Discovering Vintage—the Restaurant and the Cookbook



I recently had the chance to chat with chef Jeff Keys, owner of Vintage Restaurant in Ketchum, while doing some research for the upcoming Boise Weekly Restaurant Guide. While just talking to him about his take on food was enough to make me hungry, it was nothing compared to the moment I opened a package containing his cookbook based on what he does at the restaurant.

Keys sent me the book, Vintage Restaurant, as a way to further explain the philosophy of Vintage—which has just seven tables and a menu that depends on what's fresh, local and fabulous each day—but the book just made me want to jump in my car and head for the Wood River Valley.

The cookbook is visually stunning and offers a bit of Keys' philosophy behind his work, as well as a broad assortment of some of his favorite creations—and you've got to respect any cookbook that features as many desserts as it does entrees.

But beyond the bachelor's berries and brandy berry sauce, the New Orleans coffee-toasted pecan ice cream, the whiskey sabayon and the Mexican vanilla demitasse creme brulee or even the apple wood-smoked pork loin chip with gorgonzola polenta, carmelized yams and black mission fig, ginger and port sauce, there are a lot of good basics. That category includes a wide array of homemade salad dressings, tips on all-around sauces and even the "tomato manifesto."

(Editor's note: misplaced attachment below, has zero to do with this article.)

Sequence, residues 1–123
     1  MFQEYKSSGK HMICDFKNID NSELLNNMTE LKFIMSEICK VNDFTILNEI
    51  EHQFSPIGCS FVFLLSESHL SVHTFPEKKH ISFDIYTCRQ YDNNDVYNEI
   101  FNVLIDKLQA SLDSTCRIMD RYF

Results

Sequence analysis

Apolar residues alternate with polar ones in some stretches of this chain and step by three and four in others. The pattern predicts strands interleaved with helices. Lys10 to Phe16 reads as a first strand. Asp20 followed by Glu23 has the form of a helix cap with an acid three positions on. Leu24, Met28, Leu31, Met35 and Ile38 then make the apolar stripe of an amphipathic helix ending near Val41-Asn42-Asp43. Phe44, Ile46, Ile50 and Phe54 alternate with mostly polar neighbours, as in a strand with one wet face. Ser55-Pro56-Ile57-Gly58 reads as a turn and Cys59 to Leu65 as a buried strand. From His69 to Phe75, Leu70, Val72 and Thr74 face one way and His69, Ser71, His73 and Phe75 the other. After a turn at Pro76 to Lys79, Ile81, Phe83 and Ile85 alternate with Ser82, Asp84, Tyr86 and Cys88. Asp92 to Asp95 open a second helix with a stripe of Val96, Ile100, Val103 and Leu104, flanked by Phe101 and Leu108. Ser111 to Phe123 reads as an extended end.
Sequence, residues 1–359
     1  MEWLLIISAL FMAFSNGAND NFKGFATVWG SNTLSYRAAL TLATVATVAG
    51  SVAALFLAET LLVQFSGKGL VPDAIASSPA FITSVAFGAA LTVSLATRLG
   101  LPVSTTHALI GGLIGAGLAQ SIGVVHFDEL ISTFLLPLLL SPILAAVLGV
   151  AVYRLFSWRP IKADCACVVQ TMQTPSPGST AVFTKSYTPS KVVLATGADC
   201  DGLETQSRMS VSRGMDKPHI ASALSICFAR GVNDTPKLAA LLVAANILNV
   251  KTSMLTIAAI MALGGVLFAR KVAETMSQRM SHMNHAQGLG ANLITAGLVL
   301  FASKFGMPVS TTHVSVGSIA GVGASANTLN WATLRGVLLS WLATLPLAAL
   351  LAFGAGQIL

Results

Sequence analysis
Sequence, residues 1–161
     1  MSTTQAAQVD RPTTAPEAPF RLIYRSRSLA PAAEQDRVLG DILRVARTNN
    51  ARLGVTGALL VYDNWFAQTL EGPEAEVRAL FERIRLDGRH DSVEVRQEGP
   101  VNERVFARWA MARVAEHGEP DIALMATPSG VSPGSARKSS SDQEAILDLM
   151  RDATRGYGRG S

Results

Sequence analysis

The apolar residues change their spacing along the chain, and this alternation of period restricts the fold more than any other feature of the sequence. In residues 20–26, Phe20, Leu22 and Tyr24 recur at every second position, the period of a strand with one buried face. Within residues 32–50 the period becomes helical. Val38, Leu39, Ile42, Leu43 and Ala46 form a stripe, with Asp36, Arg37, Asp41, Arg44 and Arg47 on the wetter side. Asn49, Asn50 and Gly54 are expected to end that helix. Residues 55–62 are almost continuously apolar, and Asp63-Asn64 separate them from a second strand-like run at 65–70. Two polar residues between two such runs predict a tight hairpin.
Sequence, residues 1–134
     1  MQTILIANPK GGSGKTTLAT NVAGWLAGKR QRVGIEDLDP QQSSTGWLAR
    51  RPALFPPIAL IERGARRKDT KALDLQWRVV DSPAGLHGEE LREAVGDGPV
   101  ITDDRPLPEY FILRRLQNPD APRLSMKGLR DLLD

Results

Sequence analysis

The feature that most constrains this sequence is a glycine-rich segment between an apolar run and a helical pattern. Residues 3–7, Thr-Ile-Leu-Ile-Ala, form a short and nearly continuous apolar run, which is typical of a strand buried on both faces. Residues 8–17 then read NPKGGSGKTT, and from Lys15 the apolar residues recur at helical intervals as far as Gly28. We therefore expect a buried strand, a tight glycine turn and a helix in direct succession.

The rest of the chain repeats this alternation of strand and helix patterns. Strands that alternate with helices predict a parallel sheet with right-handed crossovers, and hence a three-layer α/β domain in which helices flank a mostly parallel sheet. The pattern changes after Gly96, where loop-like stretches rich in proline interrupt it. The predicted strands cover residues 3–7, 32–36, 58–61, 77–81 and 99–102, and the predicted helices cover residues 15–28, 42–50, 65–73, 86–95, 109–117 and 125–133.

If you're into salad dressings, Keys is releasing his new cookbook, Well Dressed, on Tuesday, March 1. The book is dedicated to salad dressings and is available for pre-order at Amazon.

If you can't make it to Sun Valley to check out a copy for yourself, you can order the hardcover book through Rediscovered Bookshop in Boise or online at Amazon or Barnes and Noble.

Now I've just got to wipe the drool off the pages of my copy and let them dry before I try closing the book.